45. G. K. Hansson, “Mechanisms of disease: inflammation, atherosclerosis, and coronary artery disease,” The New England Journal of Medicine, vol. 352, no. 16, pp. 1626–1695, 2005. View at: Publisher Site | Google Scholar
  46. S. E. Epstein, J. Zhu, M. S. Burnett, Y. F. Zhou, G. Vercellotti, and D. Hajjar, “Infection and atherosclerosis: Potential roles of pathogen burden and molecular mimicry,” Arteriosclerosis, Thrombosis, and Vascular Biology, vol. 20, no. 6, pp. 1417–1420, 2000. View at: Publisher Site | Google Scholar
  47. O. Koren, A. Spor, J. Felin et al., “Human oral, gut, and plaque microbiota in patients with atherosclerosis,” Proceedings of the National Acadamy of Sciences of the United States of America, vol. 108, no. 1, pp. 4592–4598, 2011. View at: Publisher Site | Google Scholar
  48. J. B. Grigg and G. F. Sonnenberg, “Host-microbiota interactions shape local and systemic inflammatory diseases,” The Journal of Immunology, vol. 198, no. 2, pp. 564–571, 2017. View at: Publisher Site | Google Scholar
  49. A. E. Slingerland, Z. Schwabkey, D. H. Wiesnoski, and R. R. Jenq, “Clinical Evidence for the Microbiome in Inflammatory Diseases,” Frontiers in Immunology, vol. 8, no. 400, 2017. View at: Publisher Site | Google Scholar
  50. N.-R. Shin, T. W. Whon, and J.-W. Bae, “Proteobacteria: microbial signature of dysbiosis in gut microbiota,” Trends in Biotechnology, vol. 33, no. 9, pp. 496–503, 2015. View at: Publisher Site | Google Scholar
  51. J. Mirpuri, M. Raetz, C. R. Sturge et al., “Proteobacteria-specific IgA regulates maturation of the intestinal microbiota,” Gut Microbes, vol. 5, no. 1, pp. 28–39, 2014. View at: Publisher Site | Google Scholar
  52. T. Selvanantham, Q. Lin, C. X. Guo et al., “NKT cell-deficient mice harbor an altered microbiota that fuels intestinal inflammation during chemically induced colitis,” The Journal of Immunology, vol. 197, no. 11, pp. 4464–4472, 2016. View at: Publisher Site | Google Scholar
  53. N. Maharshak, C. D. Packey, M. Ellermann et al., “Altered enteric microbiota ecology in interleukin 10-deficient mice during development and progression of intestinal inflammation,” Gut Microbes, vol. 4, no. 4, pp. 316–324, 2013. View at: Publisher Site | Google Scholar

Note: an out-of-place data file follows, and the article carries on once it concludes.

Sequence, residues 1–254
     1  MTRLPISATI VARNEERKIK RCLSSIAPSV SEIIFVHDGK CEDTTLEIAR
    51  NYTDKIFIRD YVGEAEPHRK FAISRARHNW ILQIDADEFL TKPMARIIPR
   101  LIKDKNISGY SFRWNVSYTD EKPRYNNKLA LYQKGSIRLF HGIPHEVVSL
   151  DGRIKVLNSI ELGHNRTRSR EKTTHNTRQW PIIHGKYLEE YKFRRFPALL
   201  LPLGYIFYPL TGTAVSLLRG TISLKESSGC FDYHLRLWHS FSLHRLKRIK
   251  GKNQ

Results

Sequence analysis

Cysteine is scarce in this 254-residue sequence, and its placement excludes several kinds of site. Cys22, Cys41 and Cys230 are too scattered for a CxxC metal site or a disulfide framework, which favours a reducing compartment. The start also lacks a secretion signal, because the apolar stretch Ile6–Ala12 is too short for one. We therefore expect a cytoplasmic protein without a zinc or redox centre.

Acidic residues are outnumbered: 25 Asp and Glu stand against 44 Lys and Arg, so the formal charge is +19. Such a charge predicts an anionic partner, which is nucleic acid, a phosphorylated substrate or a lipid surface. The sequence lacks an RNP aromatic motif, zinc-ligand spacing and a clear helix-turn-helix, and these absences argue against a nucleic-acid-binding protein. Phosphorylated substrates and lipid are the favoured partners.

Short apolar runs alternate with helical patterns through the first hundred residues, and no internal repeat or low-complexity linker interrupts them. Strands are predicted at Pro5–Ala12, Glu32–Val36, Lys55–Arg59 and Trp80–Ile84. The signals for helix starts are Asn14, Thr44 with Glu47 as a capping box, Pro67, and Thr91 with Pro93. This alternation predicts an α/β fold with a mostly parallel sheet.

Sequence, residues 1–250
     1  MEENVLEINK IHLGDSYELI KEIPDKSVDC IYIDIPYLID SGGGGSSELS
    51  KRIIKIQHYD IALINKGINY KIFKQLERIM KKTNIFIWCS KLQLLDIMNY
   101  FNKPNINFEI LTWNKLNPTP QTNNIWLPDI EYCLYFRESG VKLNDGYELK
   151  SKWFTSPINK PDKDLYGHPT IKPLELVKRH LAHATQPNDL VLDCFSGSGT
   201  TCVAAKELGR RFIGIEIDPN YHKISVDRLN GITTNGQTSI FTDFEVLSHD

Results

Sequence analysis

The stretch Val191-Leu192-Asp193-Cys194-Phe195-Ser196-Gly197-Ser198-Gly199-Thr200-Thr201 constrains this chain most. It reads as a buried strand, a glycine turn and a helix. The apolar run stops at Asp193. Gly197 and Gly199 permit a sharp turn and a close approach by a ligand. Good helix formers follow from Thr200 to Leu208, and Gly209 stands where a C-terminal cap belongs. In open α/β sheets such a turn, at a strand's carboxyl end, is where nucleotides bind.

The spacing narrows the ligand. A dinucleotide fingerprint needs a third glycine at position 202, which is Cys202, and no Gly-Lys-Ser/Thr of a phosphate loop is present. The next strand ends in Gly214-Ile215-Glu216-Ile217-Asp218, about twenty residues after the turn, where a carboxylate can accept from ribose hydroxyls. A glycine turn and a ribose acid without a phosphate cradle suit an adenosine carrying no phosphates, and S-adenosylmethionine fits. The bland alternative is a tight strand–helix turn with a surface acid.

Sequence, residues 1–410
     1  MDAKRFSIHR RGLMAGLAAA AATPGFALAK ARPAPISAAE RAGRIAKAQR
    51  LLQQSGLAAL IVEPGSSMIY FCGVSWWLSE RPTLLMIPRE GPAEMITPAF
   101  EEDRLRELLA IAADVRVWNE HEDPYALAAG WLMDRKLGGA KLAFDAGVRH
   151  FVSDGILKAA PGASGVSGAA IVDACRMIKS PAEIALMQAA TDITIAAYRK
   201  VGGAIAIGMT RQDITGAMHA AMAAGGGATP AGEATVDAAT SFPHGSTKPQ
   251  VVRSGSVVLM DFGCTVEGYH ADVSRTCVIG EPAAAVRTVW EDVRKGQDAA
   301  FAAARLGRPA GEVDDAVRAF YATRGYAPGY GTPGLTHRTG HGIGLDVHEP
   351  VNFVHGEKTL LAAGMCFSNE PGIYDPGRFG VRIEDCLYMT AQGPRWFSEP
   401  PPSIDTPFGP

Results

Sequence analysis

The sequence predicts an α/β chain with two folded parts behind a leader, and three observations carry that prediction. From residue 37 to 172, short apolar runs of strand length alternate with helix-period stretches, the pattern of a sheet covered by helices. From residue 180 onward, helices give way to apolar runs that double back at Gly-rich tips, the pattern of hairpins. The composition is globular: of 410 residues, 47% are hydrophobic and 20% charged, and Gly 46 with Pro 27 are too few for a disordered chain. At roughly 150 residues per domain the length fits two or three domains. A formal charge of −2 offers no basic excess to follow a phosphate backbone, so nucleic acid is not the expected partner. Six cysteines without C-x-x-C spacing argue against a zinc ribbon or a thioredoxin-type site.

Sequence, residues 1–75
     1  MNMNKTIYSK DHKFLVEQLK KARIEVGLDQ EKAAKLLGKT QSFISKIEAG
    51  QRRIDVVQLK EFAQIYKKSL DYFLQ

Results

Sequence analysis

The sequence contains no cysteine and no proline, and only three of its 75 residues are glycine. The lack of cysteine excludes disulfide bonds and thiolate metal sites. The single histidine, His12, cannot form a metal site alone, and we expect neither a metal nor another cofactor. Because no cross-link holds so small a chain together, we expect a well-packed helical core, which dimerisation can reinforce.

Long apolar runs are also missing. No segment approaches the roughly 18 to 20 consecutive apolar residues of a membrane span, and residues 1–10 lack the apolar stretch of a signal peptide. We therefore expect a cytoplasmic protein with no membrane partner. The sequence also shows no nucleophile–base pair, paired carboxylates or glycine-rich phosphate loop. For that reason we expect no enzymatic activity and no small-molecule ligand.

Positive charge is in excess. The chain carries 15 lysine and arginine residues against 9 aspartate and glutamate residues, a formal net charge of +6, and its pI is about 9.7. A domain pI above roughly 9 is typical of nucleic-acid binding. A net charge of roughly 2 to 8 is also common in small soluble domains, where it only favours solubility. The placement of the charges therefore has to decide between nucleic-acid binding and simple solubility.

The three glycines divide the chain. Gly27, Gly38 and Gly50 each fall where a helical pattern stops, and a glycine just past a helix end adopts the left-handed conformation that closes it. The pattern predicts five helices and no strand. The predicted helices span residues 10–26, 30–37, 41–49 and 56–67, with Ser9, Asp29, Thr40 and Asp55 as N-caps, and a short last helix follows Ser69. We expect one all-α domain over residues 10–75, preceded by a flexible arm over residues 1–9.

54. F. A. Carvalho, O. Koren, J. K. Goodrich et al., “Transient inability to manage proteobacteria promotes chronic gut inflammation in TLR5-deficient mice,” Cell Host & Microbe, vol. 12, no. 2, pp. 139–152, 2012. View at: Publisher Site | Google Scholar
  55. D. Langgartner, D. Peterlik, S. Foertsch et al., “Individual differences in stress vulnerability: The role of gut pathobionts in stress-induced colitis,” Brain, Behavior, and Immunity, vol. 64, pp. 23–32, 2016. View at: Publisher Site | Google Scholar
  56. S. H. Rhee, C. Pothoulakis, and E. A. Mayer, “Principles and clinical implications of the brain–gut–enteric microbiota axis,” Nature Reviews Gastroenterology & Hepatology, vol. 6, no. 5, pp. 306–314, 2009. View at: Publisher Site | Google Scholar
  57. S. M. Collins, M. Surette, and P. Bercik, “The interplay between the intestinal microbiota and the brain,” Nature Reviews Microbiology, vol. 10, no. 11, pp. 735–742, 2012. View at: Publisher Site | Google Scholar
  58. J. F. Cryan and T. G. Dinan, “Mind-altering microorganisms: the impact of the gut microbiota on brain and behaviour,” Nature Reviews Neuroscience, vol. 13, no. 10, pp. 701–712, 2012. View at: Publisher Site | Google Scholar
  59. B. Khor, A. Gardet, and R. J. Xavier, “Genetics and pathogenesis of inflammatory bowel disease,” Nature, vol. 474, no. 7351, pp. 307–317, 2011. View at: Publisher Site | Google Scholar
  60. R. B. Sartor, “Microbial influences in inflammatory bowel diseases,” Gastroenterology, vol. 134, no. 2, pp. 577–594, 2008. View at: Publisher Site | Google Scholar
  61. D. A. Peterson, N. P. McNulty, J. L. Guruge, and J. I. Gordon, “IgA response to symbiotic bacteria as a mediator of gut homeostasis,” Cell Host & Microbe, vol. 2, no. 5, pp. 328–339, 2007. View at: Publisher Site | Google Scholar
  62. A. Rehman, P. Lepage, A. Nolte, S. Hellmig, S. Schreiber, and S. J. Ott, “Transcriptional activity of the dominant gut mucosal microbiota in chronic inflammatory bowel disease patients,” Journal of Medical Microbiology, vol. 59, part 9, pp. 1114–1122, 2010. View at: Publisher Site | Google Scholar